Academically-oriented houses don't usually publish sports books with $40,000 marketing budgets. But then Shut Out: A Story of Race and Baseball in Boston (Routledge, Sept.), by 33-year-old sportswriter Howard Bryant, who covers the New York Yankees for the Bergen Record, "is not your average baseball book," says Routledge publishing director Karen Wolny. "It's also the story of black Americans and white institutions."
Bryant, who grew up in Boston during the school busing crisis of the '70s, argues persuasively that the Red Sox's real curse came not from trading Babe Ruth to the Yankees in 1920 (invoking the so-called "Curse of the Bambino" that has kept the Red Sox from winning a World Series), but from failing to address pervasive racism within the organization. Bryant hits his message home with a personal story: "One day I asked my Grandpa why none of us had ever been to a [Red Sox] game, and he essentially said, 'We don't care for the Red Sox around here, because the Red Sox have never had any niggers. Never have, never will.'"
What makes the story of Red Sox racism so surprising is that in Boston, "We always believed we were equal partners with whites," says Bryant. "There were no separate facilities. Blacks had property on Martha's Vineyard. Boston's pedigree was egalitarian, but the reality was different. Nobody really believed how deep the divisions were until busing." Or that they might also be played out on the home team.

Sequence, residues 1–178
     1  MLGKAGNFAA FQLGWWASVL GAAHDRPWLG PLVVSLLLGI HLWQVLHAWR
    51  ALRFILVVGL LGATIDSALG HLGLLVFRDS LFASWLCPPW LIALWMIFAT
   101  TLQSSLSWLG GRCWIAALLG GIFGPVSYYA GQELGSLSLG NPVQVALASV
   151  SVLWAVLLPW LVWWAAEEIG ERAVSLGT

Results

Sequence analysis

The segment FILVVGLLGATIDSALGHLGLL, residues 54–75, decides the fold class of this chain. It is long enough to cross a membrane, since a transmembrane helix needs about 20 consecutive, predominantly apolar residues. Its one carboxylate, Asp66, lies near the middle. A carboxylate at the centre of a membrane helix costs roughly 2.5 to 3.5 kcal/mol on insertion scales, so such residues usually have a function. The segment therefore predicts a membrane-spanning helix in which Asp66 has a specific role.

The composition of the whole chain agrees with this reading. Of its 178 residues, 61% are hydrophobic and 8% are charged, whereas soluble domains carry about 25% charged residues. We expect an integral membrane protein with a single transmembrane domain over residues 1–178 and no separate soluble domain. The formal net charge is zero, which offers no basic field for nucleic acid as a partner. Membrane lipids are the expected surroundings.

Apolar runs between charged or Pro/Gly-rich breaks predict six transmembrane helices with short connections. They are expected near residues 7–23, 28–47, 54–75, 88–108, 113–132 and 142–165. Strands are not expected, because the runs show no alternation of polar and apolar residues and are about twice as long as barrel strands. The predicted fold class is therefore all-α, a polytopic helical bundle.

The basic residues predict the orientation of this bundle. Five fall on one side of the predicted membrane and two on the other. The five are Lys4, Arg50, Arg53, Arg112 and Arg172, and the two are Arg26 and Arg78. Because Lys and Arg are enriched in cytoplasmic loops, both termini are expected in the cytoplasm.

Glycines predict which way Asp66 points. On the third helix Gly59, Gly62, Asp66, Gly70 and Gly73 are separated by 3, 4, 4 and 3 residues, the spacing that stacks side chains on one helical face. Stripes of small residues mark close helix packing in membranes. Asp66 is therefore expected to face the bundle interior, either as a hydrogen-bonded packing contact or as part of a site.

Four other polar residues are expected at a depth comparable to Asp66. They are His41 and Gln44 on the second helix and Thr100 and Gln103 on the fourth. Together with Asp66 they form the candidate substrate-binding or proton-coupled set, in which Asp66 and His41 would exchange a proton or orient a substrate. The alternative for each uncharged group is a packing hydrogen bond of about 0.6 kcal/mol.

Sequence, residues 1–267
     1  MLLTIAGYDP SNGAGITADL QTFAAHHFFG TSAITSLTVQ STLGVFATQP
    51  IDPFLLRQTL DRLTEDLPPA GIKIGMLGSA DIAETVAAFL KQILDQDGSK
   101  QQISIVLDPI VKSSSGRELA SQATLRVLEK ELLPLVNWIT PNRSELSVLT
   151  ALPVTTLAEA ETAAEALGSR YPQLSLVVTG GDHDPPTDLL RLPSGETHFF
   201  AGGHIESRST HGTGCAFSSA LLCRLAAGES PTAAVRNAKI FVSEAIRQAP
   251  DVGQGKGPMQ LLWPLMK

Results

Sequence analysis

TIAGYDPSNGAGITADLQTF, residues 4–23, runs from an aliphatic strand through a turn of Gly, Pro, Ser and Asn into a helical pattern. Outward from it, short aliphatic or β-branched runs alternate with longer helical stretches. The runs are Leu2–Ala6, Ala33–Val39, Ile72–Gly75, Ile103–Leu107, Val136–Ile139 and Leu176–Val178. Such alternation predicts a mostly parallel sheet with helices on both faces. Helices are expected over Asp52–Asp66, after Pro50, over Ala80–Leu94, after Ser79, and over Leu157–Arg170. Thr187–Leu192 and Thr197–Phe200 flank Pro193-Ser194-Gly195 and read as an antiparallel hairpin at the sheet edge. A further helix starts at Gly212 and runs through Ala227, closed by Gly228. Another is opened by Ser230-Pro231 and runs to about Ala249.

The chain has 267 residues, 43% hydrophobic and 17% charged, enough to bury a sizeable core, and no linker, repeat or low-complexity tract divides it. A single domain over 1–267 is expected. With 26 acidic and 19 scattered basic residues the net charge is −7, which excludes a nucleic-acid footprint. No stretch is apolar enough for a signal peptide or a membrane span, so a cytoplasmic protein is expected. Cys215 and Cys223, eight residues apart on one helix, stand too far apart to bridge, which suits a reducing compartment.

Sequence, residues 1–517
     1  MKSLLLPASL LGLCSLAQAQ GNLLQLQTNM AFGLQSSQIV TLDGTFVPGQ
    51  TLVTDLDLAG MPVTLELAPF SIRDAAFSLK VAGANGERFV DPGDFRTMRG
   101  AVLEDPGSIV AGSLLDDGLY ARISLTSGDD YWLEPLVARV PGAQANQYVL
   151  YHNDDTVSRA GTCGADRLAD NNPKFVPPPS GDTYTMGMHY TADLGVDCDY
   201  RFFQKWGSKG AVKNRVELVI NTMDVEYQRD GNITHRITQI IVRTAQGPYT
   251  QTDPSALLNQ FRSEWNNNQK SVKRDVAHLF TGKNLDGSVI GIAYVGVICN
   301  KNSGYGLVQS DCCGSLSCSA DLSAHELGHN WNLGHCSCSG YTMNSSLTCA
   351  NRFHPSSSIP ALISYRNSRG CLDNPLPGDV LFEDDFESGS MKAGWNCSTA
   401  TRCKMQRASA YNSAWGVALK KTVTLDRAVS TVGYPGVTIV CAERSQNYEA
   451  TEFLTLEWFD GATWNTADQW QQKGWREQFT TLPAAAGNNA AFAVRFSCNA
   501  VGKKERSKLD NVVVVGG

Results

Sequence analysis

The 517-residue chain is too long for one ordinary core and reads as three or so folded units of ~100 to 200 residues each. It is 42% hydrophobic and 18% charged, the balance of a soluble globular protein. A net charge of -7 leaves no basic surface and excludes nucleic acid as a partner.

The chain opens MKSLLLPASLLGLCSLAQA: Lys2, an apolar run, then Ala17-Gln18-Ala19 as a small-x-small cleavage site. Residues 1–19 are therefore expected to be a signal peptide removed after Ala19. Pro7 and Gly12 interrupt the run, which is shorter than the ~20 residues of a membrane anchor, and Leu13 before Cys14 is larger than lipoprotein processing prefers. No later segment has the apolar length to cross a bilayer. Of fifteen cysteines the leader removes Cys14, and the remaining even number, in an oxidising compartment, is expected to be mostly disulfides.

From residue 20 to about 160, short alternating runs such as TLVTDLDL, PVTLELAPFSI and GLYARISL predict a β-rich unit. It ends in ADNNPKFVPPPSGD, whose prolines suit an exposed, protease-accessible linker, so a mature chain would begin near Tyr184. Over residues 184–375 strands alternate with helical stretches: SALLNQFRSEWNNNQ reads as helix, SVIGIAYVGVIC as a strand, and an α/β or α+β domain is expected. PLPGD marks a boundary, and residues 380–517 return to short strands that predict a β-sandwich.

It's not a new story, as Bryant makes clear. "This has been sitting in the middle of the living room for 50 years, and no one was paying attention," he told PW. "Pieces have been told from time to time. People knew that the Red Sox turned down the chance to have Jackie Robinson. But it didn't stop with Robinson. They had a chance to get Willie Mays." It would take almost 20 years from Jackie Robinson's tryout until the Boston team signed its first black player in 1959, Pumpsie Green, who Bryant calls "the accidental pioneer. He was just a guy who was caught in a moment in history."
For the book, Bryant spent four years tracking down not just Pumpsie Green and Pedro Martinez, but more than 100 players and sports figures, including the new principal owner of the Red Sox, John Henry. He got a rare interview with Jim Rice, the first black superstar for the Red Sox, who was just a rookie in 1975, the first year of busing. Many looked to Rice to speak out about racism. "He rejected this idea. He wasn't prepared to be the public face of a franchise," says Bryant.
To get buzz going for Shut Out, Routledge is planning a 20,000-copy first printing, which, says Wolny, "is huge for us." First serial rights were sold to Boston Magazine, and the book was written up in Alex Beam's column in the Boston Globe last month. In an advance article, the Boston Herald called Shut Out "one of the most anticipated baseball books of the season" and will make the book its September book-club pick. In addition, Routledge is planning a five-city tour for Bryant, kicking off in Boston. Other stops include New York, San Francisco, Seattle and either Washington, D.C., or Philadelphia; a 20-city radio satellite tour is also in the works.